(Debbie herself acknowledges settling a tax demand through a large pay-off.) Unfortunately, these questions must wait: Debbie, a frequent fixture at the Kabul Coffee House, which she owns, has left the country. 4 stars Perhaps the last thing post-Taliban Afghanistan needs is a beauty school.Though tomes have been written analyzing post-conflict Afghanistan, Debbie's narrative brings alive the tapestry of lives, especially of women in post-conflict Kabul, almost without a self-awareness of the documentation.
Certainly, the importance of factual narrative in an autobiography is essential.
However, the book would have been equally fascinating as a work of fiction.
Debbie speaks frankly of language difficulties and cultural barriers.
Her husband has another wife and seven daughters in Saudi Arabia and even though she was angry and unhappy when she found out, she accepted them.
As she began collecting money and supplies for the school, she says, she realized another group of women had the same idea at the same time and she decided to join them. But, this is where Debbie's account begins to deviate from what other women involved in Kabul 's first beauty school have to say.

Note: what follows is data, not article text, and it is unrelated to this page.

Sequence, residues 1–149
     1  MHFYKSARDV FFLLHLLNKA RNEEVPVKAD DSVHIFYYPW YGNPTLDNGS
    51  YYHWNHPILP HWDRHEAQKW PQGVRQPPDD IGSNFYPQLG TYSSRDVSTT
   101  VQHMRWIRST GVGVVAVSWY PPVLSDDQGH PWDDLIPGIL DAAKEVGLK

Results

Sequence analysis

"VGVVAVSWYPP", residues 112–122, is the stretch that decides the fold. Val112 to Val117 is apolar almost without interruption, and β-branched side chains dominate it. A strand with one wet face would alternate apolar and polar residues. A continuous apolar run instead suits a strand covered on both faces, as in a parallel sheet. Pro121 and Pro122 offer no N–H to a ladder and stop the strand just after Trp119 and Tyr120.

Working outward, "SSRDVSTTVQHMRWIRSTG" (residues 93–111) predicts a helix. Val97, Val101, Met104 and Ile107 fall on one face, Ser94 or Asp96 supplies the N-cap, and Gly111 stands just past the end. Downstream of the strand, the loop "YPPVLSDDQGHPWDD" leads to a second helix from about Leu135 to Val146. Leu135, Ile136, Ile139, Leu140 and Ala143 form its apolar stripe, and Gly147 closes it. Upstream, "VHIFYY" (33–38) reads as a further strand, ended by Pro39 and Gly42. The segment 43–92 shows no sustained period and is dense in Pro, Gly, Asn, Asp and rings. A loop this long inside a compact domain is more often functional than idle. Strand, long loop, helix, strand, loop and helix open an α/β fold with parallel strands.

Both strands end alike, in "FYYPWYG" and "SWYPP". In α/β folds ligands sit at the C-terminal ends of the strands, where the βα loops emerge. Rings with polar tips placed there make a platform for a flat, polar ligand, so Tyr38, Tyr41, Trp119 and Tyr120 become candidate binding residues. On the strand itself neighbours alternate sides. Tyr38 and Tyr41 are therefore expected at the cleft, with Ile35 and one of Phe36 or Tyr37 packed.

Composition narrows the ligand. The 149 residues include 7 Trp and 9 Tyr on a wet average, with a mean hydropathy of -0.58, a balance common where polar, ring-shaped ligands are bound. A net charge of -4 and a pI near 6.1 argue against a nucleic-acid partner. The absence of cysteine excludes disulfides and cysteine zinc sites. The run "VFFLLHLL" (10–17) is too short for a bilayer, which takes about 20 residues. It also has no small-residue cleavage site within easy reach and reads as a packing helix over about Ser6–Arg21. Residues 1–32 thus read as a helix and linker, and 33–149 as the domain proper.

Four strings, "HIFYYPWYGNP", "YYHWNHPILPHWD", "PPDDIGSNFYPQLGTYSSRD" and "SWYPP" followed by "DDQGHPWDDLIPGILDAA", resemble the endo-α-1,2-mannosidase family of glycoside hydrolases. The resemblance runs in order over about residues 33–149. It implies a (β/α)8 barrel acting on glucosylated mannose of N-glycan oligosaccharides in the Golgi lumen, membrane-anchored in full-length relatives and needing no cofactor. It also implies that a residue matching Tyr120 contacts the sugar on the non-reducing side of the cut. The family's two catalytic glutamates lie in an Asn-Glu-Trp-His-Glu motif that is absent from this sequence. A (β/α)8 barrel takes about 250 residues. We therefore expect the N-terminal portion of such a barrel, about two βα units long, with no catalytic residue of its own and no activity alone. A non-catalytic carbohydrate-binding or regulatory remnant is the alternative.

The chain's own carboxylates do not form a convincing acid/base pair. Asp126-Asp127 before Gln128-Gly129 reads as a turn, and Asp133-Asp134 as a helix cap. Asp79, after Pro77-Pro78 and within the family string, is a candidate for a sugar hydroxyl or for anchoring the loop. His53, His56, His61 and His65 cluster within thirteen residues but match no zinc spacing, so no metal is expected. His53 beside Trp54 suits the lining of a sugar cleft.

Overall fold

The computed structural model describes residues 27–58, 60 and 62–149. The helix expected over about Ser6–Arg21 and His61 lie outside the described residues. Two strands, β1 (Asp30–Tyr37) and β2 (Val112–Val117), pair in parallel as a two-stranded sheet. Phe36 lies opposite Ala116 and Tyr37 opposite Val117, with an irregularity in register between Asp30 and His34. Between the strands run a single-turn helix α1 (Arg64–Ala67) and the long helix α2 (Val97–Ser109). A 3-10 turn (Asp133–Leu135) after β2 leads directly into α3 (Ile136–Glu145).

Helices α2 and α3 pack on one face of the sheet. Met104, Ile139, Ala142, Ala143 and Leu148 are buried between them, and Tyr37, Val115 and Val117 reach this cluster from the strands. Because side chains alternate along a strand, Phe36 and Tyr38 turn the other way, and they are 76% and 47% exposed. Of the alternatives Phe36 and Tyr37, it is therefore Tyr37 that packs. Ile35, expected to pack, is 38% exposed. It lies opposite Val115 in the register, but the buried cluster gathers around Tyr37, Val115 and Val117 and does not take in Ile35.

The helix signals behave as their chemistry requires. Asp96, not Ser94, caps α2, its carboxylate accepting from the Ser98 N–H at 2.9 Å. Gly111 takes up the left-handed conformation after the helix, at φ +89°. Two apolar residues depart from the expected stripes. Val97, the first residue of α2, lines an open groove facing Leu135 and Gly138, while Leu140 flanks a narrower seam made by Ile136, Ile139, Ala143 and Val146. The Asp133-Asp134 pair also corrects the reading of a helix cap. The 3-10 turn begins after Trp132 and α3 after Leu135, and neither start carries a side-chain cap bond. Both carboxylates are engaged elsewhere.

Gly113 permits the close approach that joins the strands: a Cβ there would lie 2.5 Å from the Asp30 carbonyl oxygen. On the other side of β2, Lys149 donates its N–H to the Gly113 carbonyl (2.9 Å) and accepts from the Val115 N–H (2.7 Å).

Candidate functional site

Most have expressed their displeasure at Debbie not giving them their due.Once in Afghanistan, Debbie's friends decided that she needed 'a husband', discussing a prospective partnership as if "offering me another egg roll".Despite her initial surprise, she did accept the egg roll, a mere 20 days after meeting with Samer Mohammed Abdul Khan or Sher, a henchman of Dostum.No one else seems to exist in this story of courage, struggle and hope - except for Debbie and the women she is helping.Most reviewers, when they have not been gasping in awe at her work in Afghanistan, have chosen to document the claims and counter-claims of the contending sides.Loud, brazen and colorful, Rodriguez (Debbie, to everyone in Kabul), a hairdresser from Michigan, USA, came to post-Taliban Afghanistan as part of a group offering humanitarian aid to the war-torn nation.Running away from a bad marriage, she was looking for something more fulfilling to do in life. She does her eyebrows," said my Afghan friend Safia. If, by chance, an unmarried woman has plucked eyebrows, it is a suggestion that either she or her family is not very strict about 'morality'.Despite having grown up in the US, Safia is aware of the entire regimen of codes that govern the social behavior of Afghan women. So, when Deborah Rodriguez stepped into this intricate world governed by thousands of minutiae, it was a little like a bull in a China shop.At another level, Debbie provides a parallel to the lives of her girls at the beauty parlor.Trapped in an abusive marriage, Debbie tried to cope by "getting religion".